United States District Court, E.D. Arkansas, Pine Bluff Division
BETH DEERE, Magistrate Judge.
I. Procedure for Filing Objections
The following Recommended Disposition ("Recommendation") has been sent to United States District Court Judge James M. Moody, Jr. Any party may file written objections to this Recommendation.
Objections must be specific and must include the factual or legal basis for the objection. An objection to a factual finding must identify the finding of fact believed to be wrong and describe the evidence that supports that belief.
An original and one copy of objections must be received in the office of the United States District Court Clerk within fourteen (14) days of this Recommendation. A copy will be furnished to the opposing party.
If no objections are filed, Judge Moody can adopt this Recommendation without independently reviewing all of the evidence in the record. By not objecting, you may also waive any right to appeal questions of fact.
Mail your objections and "Statement of Necessity" to:
On January 26, 2012, a Pulaski County, Arkansas, jury found Petitioner James Stewart guilty of rape and second-degree sexual assault. Stewart v. State, 2012 Ark. 444, *1. He was sentenced as a habitual offender to life in prison, an additional 18 years' imprisonment, and a fine. Id. Mr. Stewart appealed to the Arkansas Supreme Court, which affirmed. Id.
Mr. Stewart filed a timely petition for post-conviction relief under Arkansas Rule of Criminal Procedure 37.1. The trial court addressed the merits of Mr. Stewart's claims, but denied his request for relief. (#8-5) Mr. Stewart appealed the trial court's decision denying relief to the Arkansas Supreme Court, but the Court, in a per curiam order, dismissed the appeal, finding that Mr. Stewart's Rule 37 petition had not been properly verified as required by Rule 37.1(c). Stewart v. State, 2014 Ark. 85 at *1. The Court held that the trial court had no jurisdiction to consider the arguments raised in the unverified petition, and that the Arkansas Supreme Court, therefore, lacked jurisdiction to hear the appeal. Id.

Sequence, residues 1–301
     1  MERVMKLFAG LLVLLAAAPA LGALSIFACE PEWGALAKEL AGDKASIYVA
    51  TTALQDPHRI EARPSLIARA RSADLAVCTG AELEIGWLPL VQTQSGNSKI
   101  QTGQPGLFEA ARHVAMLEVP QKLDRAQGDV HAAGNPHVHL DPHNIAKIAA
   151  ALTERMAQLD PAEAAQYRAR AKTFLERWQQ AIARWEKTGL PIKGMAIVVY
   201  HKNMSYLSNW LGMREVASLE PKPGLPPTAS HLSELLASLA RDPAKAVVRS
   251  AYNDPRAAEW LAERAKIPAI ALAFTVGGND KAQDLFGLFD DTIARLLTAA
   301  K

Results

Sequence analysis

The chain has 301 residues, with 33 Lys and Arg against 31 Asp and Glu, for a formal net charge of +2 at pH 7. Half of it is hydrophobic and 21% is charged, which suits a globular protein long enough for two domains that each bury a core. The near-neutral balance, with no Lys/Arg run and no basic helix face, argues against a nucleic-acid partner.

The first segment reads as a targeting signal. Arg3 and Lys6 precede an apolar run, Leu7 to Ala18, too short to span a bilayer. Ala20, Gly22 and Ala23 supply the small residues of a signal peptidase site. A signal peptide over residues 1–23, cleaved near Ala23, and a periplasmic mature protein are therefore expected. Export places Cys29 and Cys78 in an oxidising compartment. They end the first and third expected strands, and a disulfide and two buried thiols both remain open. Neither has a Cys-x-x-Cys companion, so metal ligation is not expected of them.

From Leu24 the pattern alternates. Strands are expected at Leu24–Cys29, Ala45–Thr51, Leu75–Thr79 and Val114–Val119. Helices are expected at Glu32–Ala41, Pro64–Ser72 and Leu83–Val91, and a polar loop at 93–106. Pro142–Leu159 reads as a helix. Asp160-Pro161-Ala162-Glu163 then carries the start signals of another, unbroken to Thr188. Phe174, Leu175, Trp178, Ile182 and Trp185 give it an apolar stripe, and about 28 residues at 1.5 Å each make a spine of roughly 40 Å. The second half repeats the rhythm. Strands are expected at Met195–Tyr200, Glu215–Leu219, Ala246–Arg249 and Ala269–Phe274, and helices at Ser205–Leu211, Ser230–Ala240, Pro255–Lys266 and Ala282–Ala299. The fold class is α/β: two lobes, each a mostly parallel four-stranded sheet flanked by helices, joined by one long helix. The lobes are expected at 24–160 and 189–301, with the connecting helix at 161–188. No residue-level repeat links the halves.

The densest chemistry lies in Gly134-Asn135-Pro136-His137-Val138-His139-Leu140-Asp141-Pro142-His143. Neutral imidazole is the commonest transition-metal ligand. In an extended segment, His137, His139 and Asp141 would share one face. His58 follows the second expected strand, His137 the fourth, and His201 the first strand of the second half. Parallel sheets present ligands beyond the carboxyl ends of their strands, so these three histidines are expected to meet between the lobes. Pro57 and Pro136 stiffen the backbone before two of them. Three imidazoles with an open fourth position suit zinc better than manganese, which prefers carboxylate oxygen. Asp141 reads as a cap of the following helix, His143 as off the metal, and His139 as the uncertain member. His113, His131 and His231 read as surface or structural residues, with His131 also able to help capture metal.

Mr. Stewart filed this federal habeas petition under 28 U.S.C. § 2254 on April 21, 2014. (#2) In the petition, Mr. Stewart claims he was denied effective assistance of counsel as set out "exactly" in his Rule 37 petition. (#2) At the Court's direction, Mr. Stewart filed a statement of his claims, to which he attached his Rule 37 petition. In the petition, Mr. Stewart complained that: (1) trial counsel was ineffective for failing to sufficiently argue the motions challenging the competency of each child witness and sufficiency of the evidence; (2) trial counsel was ineffective on direct appeal for citing a case the Supreme Court found to be distinguishable; (3) there was prosecutorial misconduct because the prosecutor brought a case of rape and sexual assault based upon incompetent witnesses and perjury; and (4) he was constructively denied counsel both at trial and on direct appeal. (#4 at pp. 8-10)
Arkansas Department of Correction Director Ray Hobbs responded to the petition (#8), contending that Mr. Stewart's claims are barred by the statute of limitations or, alternatively, were procedurally defaulted. For reasons explained below, the Court recommends that Mr. Stewart's petition (#2) be dismissed with prejudice.
III. The Statute of Limitations
The Antiterrorism and Effective Death Penalty Act of 1996 ("AEDPA"), 28 U.S.C. § 2244(d)(1), establishes a one-year limitations period for state prisoners to commence habeas corpus proceedings under 28 U.S.C. § 2254. The statute provides that the limitation period begins to run from, "the date on which the judgement became final by the conclusion of direct review or the expiration of the time limit for seeking such review." 28 U.S.C. § 2244(d)(1)(A). If the petitioner does not pursue direct review in the Supreme Court, the judgment becomes final at the expiration of the time to seek review in the Supreme Court- that is, ...